The Motley Fool

Here’s why the SSE share price could be set for a rebound

It seems like only yesterday that high-dividend energy suppliers were must-haves in everyone’s portfolios, especially those wanting regular income in retirement.


But with growing competition from smaller competitors and increasing pressure to cap prices, shares are plunging. SSE (LSE: SSE) shares are down 30% since the end of 2013, and the whole sector has performed similarly.

Claim your FREE copy of The Motley Fool’s Bear Market Survival Guide.

Global stock markets may be reeling from the coronavirus, but you don’t have to face this down market alone. Help yourself to a FREE copy of The Motley Fool’s Bear Market Survival Guide and discover the five steps you can take right now to try and bolster your portfolio… including how you can aim to turn today’s market uncertainty to your advantage. Click here to claim your FREE copy now!

SSE warned us in July that the hot dry summer of 2018 coupled with high gas prices have taken their toll on likely profits for the full year, and we had an update on that on Wednesday.

The likely impact looks set to be an operating profit shortfall of around £190m compared to previous expectations, with adjusted operating profit for the six months to September likely to only reach around half of the total for the same period in 2017. And the outlook for the year suggests something significantly behind previous expectations too.


We also have some uncertainty in SSE’s forward visibility with its ongoing plans for hooking up with Npower, and leaving SSE to focus on gas and electricity production. That lack of clarity will surely be affecting the share price now too.

But the company says it “continues to expect to recommend a full-year dividend of 97.5 pence per share for 2018/19 and to deliver the five-year dividend plan set out in May 2018,” suggesting that income stream is safe for the next few years at least.

The share price dropped nearly 10% in Wednesday morning trading, and full-year forecasts will now need to be revised. But a forward P/E on previous predictions of only 10 suggests to me that there’s plenty of safety margin there, and I’m still optimistic about SSE as a long-term investment.


National Grid (LSE: NG) has long been my favourite stock in the energy distribution market, as I see its ownership of the common infrastructure as making it a long-term winner regardless of who’s actually selling the gas and electricity that comes out at the ends of it.

But the gloom has spread here too, with National Grid shares underperforming even the lacklustre FTSE 100 over five years, and losing a third of their value since their peak in July 2016.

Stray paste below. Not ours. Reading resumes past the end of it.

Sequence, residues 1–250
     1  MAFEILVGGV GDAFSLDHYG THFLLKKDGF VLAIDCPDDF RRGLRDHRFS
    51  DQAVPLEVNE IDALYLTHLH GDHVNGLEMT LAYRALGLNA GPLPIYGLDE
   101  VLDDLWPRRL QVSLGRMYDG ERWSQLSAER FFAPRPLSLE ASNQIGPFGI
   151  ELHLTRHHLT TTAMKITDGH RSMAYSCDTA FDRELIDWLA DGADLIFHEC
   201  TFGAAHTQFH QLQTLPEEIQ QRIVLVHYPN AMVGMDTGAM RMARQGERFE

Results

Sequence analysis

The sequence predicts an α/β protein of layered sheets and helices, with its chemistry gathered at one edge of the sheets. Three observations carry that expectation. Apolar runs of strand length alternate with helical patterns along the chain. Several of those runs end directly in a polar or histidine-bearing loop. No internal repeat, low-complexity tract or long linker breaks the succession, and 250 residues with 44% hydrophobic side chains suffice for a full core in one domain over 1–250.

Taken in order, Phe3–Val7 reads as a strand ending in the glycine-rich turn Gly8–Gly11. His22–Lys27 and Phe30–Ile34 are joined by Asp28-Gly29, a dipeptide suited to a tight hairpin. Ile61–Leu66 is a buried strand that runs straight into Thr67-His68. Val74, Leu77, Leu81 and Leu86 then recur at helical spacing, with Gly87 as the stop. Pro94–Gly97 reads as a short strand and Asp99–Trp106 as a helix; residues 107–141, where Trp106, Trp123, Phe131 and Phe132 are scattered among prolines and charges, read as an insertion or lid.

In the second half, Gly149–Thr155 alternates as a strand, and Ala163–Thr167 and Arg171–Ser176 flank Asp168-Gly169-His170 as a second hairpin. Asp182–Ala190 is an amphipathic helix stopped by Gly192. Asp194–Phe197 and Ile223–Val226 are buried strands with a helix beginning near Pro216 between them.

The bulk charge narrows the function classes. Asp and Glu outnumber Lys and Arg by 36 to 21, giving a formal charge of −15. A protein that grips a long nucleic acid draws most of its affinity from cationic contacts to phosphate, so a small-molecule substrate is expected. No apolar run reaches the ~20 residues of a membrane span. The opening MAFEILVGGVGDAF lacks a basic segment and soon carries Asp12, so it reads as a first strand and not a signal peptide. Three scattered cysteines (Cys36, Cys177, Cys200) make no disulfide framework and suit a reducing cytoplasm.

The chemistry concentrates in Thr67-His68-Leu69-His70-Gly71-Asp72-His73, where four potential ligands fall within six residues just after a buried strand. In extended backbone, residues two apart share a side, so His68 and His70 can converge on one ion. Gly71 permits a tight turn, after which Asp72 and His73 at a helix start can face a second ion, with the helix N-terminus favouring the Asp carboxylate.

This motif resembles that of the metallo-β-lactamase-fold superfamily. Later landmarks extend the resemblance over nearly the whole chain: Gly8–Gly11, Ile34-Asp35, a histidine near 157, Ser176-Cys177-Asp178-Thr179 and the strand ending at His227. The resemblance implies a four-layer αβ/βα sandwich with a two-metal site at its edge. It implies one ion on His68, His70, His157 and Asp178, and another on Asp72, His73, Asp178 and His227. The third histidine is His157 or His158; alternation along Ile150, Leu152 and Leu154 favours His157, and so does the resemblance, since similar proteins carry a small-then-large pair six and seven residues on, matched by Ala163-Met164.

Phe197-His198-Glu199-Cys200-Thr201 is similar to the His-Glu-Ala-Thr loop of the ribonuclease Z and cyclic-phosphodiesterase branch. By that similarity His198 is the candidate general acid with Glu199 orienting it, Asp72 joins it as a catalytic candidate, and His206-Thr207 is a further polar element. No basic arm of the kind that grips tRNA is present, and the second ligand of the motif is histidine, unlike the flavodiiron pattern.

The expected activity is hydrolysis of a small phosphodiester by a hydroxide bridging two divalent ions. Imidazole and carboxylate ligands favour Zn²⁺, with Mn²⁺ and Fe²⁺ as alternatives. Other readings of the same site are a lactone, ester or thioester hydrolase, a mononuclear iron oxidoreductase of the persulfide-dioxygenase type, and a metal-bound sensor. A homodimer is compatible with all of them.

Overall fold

The company is still heavily affected by regulatory restrictions and it does have some pretty hefty capital expenditure obligations, but its forward earnings are some of the most visible and predictable on the market, and that allows National Grid to maintain a clear dividend focus.


Those dividends have been yielding around 4.5%-5% over the past five years, but a progressive dividend policy coupled with the share price fall has boosted forecast yields to 6%. To me that’s looking remarkably like an opportunity to get in on a good long-term income investment on unusually good terms.

National Grid shares are more highly valued than SSE’s, on forward P/E multiples of around 14 and close to the FTSE’s long-term average, against SSE’s very low-looking 10 (on existing forecasts prior to today’s news). But with considerably less uncertainty, and a monopoly on the distribution network, I can’t help feeling National Grid is even better value than SSE.

But I reckon either could make a profitable addition to our pension nest-eggs.

Buy-And-Hold Investing

Our top analysts have highlighted five shares in the FTSE 100 in our special free report "5 Shares To Retire On". To find out the names of the shares and the reasons behind their inclusion, simply click here to view it right away!

Alan Oscroft has no position in any of the shares mentioned. The Motley Fool UK has no position in any of the shares mentioned. Views expressed on the companies mentioned in this article are those of the writer and therefore may differ from the official recommendations we make in our subscription services such as Share Advisor, Hidden Winners and Pro. Here at The Motley Fool we believe that considering a diverse range of insights makes us better investors.